Gynecomastia is a condition that affects men. It occurs when the breast tissues of male start growing, causing “man boobs.” Gynecomastia is caused by an imbalanced level of estrogen and testosterone in men. This condition can affect one or both breasts with uneven breast tissue growth.
Although gynecomastia is not life threatening, it can be a source of embarrassment, especially among older men. While gynecomastia goes away on its own, recurring breast growth is corrected through surgery or medications.
Gynecomastia Signs and Symptoms
The most common signs of gynecomastia are swollen breast tissues, tenderness and pain in and around the breast. The nipple may also discharge clear fluid.
All people, male and female, generate both testosterone and estrogen. Breast enlargement in men is caused by an unstable level of these hormones wherein the testosterone level is decreased compared to estrogen. Gynecomastia is typically triggered by hormonal changes, certain medications, and an underlying medical condition.
Gynecomastia can affect infants and older men alike. In infants, more than half of male babies are born with enlarged breast due to the effects of the mother’s estrogen. However, the breast tissue will reduce in size within two weeks after birth.
For teens going through puberty, gynecomastia is triggered by the sudden changes in the hormone level. Usually, the breasts will go back to normal 6 months to 2 years after hitting puberty. In older men, gynecomastia peaks between the ages of 50 to 80. It’s so common that 1 in 4 men between these age groups is afflicted with gynecomastia.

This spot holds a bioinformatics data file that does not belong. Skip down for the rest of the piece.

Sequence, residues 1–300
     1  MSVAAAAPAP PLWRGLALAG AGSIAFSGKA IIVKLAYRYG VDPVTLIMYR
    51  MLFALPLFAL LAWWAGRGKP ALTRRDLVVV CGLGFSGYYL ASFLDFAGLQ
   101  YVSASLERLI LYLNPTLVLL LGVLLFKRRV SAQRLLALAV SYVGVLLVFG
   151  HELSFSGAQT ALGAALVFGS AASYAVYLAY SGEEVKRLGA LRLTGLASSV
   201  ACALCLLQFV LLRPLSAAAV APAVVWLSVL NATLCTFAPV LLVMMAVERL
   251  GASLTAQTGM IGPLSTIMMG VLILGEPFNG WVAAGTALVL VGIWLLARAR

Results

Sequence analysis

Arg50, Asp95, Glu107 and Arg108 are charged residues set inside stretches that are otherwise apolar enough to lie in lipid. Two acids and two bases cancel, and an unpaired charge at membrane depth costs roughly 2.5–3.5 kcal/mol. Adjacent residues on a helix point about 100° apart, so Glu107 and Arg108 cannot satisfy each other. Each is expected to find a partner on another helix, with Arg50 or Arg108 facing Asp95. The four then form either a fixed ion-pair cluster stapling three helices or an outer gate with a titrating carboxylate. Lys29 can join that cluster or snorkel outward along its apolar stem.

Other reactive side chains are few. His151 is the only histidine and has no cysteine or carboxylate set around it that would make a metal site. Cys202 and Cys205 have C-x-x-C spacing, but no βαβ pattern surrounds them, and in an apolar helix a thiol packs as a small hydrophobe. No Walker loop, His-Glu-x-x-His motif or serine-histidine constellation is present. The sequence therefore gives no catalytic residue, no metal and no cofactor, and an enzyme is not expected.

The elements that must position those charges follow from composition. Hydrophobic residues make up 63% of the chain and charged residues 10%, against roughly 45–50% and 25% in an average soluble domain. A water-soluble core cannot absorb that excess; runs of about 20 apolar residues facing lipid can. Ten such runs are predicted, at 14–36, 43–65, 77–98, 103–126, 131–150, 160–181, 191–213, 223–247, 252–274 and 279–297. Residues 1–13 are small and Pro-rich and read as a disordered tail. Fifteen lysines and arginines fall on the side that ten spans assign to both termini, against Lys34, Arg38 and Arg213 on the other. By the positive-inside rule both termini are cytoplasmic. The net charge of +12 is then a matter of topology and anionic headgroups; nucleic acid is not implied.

Gynecomastia also serves as a symptom for tumors, hypogonadism, hyperthyroidism, kidney failure, liver failure, and malnutrition.
Gynecomastia is also caused by side effects to certain drugs. Spironolactone, Calcium channel blockers, and some antibiotics can cause breast gland swelling. Tea tree oil and lavender oil can also trigger gynecomastia.
The treatment will depend on the cause of gynecomastia. Usually, gynecomastia will go away on its own. But if it’s caused by an undiagnosed condition – such as liver cirrhosis or hypogonadism, treatment is needed.
If the condition is caused by side effects to certain drugs, your doctor will give you alternative drugs instead. For teens afflicted with gynecomastia, the doctor will recommend periodic re-evaluation every 3 to 6 months to see if the condition regresses over time. If the condition does not go away in less than two years, the doctor could prescribe certain medications such as tamoxifen and raloxifene.
Medications for gynecomastia are often used to treat breast cancer. Although these drugs are FDA approved, they are not approved specifically to treat gynecomastia.
If say, the condition is not regressing and it’s causing the patient pain despite the medications, the doctor may recommend surgery. There are two types of gynecomastia surgeries: liposuction and mastectomy.
Liposuction is conducted by surgically removing the breast fat but not the breast gland itself. Mastectomy requires the complete removal of the breast gland tissue. The surgeon will make small incisions to remove the breast gland tissue. Because this is not a major operation, recovery time is very short.